Strife: Striking out MOBA Evil

Familiarity with MOBAs often involves at least a little awareness of the oft-hissed title of Heroes of Newerth. Developed by a group of hardcore DotA fans under the banner of S2 Games, HoN has consistently held a reputation for being incredibly difficult compared to other MOBAs – though the centerpiece of its reputation is the sheer viciousness of its playerbase. No gaming community – none – spits so much venom in each other’s face as the HoN population does. The commonplace hatred between carries makes a rotten League of Legends game (almost) desirable.

Then, S2 Games did something about it.

They turned away from the worst MOBA community of all time… and created the best. Enter Strife.

Admittedly, I’d heard the name a couple times. A new MOBA? Meh. We’ve got tons of those. The market is easily reaching saturation point with the past couple waves of triple-laned bird’s-eye views that’ve crashed upon the rocky shores of F2P land. Then, I was subjected to Strife’s brilliant little piece of advertising: a flashy banner displaying various characters, with text that read something along the lines of, “Be a hunter, be a warrior, be a cat wizard – just don’t be a d**k.”

Interesting. This banner sent a terribly clear message. “We don’t want rotten behavior anymore.”

To quickly address what might come to mind at that message, S2 Games is certainly not the first MOBA developer to put a heavy focus on improving player behavior. Riot Games, developer of League of Legends, has done some serious work between the “honor” system and the Tribunal, their method of punishing misbehaving players – but both systems are heavily criticized for their effectiveness – or lack thereof. You can’t argue with Riot’s results: the LoL community has grown up a lot over the past couple of years. However, they didn’t have the advantage of starting from scratch.

S2 Games and Strife did. I found myself intrigued from the get-go by the central concept of “real” teamwork. With LoL, I’ve been conditioned to know when to back off of CSing (or last-hitting, the concept of gaining credit for the death of a minion by being the person responsible for directly killing it) in order to give someone else on my team gold that, perhaps, they might be able to better use than myself. I’ve learned to hastily apologize should I play a support role, then proceed to inadvertently “steal” a kill from the carry, thus robbing my team of a little bit of our overall power and efficiency.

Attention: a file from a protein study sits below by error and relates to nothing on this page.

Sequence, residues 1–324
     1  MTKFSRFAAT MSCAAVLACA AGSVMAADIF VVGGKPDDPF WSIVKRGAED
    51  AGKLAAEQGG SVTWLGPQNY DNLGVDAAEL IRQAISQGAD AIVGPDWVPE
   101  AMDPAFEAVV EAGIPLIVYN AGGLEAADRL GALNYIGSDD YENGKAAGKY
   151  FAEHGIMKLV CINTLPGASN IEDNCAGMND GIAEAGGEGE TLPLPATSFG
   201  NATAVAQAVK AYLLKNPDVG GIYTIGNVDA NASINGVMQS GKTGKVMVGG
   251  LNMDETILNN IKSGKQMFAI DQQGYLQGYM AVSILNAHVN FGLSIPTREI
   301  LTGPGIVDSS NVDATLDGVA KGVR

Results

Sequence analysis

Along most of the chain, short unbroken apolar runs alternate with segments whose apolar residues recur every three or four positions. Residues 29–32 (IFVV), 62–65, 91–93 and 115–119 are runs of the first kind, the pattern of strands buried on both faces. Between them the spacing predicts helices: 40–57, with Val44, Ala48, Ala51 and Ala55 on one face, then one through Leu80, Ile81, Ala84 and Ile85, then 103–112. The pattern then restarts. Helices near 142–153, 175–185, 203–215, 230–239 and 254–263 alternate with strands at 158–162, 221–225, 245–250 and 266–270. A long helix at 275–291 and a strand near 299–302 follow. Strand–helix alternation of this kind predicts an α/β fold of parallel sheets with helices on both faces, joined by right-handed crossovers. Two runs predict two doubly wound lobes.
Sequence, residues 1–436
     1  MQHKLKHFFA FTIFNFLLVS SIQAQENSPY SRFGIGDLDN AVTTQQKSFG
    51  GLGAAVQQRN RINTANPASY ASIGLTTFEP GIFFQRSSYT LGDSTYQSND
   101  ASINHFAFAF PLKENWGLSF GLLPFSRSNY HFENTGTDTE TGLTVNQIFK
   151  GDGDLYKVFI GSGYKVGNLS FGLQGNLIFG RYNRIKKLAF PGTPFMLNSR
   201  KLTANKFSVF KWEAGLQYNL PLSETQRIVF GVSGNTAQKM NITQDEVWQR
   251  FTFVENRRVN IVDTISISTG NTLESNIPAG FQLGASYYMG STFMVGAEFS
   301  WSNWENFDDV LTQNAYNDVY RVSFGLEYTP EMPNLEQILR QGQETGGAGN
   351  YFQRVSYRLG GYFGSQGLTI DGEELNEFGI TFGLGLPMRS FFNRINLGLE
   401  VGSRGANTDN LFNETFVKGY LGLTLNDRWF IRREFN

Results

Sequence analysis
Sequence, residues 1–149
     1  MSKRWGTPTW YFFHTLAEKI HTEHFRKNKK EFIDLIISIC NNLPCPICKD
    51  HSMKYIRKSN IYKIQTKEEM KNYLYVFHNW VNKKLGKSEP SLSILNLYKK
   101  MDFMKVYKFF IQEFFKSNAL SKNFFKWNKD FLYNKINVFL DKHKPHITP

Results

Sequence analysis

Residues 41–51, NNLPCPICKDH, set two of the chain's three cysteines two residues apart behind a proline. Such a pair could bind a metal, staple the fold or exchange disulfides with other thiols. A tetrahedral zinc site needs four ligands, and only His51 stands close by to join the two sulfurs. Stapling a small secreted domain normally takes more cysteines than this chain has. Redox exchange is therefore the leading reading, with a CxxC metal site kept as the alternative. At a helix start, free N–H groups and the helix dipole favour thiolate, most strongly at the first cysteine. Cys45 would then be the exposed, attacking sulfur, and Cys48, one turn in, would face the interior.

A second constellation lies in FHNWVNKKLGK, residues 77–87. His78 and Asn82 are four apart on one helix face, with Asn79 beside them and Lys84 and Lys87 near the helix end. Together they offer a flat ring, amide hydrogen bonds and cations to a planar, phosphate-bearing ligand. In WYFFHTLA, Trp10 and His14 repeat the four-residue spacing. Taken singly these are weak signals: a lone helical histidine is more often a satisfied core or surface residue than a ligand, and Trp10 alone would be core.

Strife, however, operates with the philosophy that “we’re all working hard, here.” Instead of granting certain characters more gold, a few key modifications have taken place on the basic, tried-and-true formula of laning with a total stranger.

1. All characters will automatically regenerate health and mana at a relatively quick rate following a delay after leaving combat.

2. Regardless of who scored the last hit, as long as you or one of your teammates killed the minion (or ‘brawler’, to follow Strife terminology), you and any allies you have in lane with you will gain equal gold. Whoa. No more leaving all the work and calculation to the ranged carry.

The combination of 1 and 2 creates a basic and intuitive strategy: If there’s two allied players in a lane together, they can both work together to secure last hits without fear. Should one of them take significant damage, that person can back off and let their passive regeneration kick in while their lane partner does the last hitting for them. Hmmm…

3. The same goes for player kills. It really doesn’t matter who gets the kill! Are you playing a support tank alongside a heavy damage dealer? Smash away! Strife puts such little weight on the number of kills you have that when you mouse over the portraits of your allies in the middle of the game, it doesn’t even display kills as their own statistic. Instead, you are greeted with that player’s number of combined kills and assists. Ego begone!

Naturally, some characters are better at slaughtering than others, and the game will still prominently announce when someone gets a double-, triple-, quadra-kill, etc. It’s an exciting event. However, as wealth is distributed equally among participants in successful combat, the entire endeavor becomes a much more friendly one. In the 17 wins I’ve had myself (as the game doesn’t even count your losses for you – move on after a defeat, right?), there have been two games with toxic players. Two games, out of roughly 30. My continuing League of Legends experience involves at least one toxic player in ~20% of my games, and I’m being a tad lax with that statement.

In terms of mechanics, there’s not a whole lot that sets Strife apart from its competitors. It’s a fairly standard, though easy-to-play entry in the MOBA flood. The incredible experience of working with a team that is – heaven forbid – kind to you even should you make mistakes is made available with Strife, though. It’s truly phenomenal, and even though I’m working my tail off to get to Gold division in League of Legends before the month ends… my efforts there fail to match the time I’m spending in Strife’s lovely community. You’re onto something, S2.

– Ethereal

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Posted in Content, Design Analysis.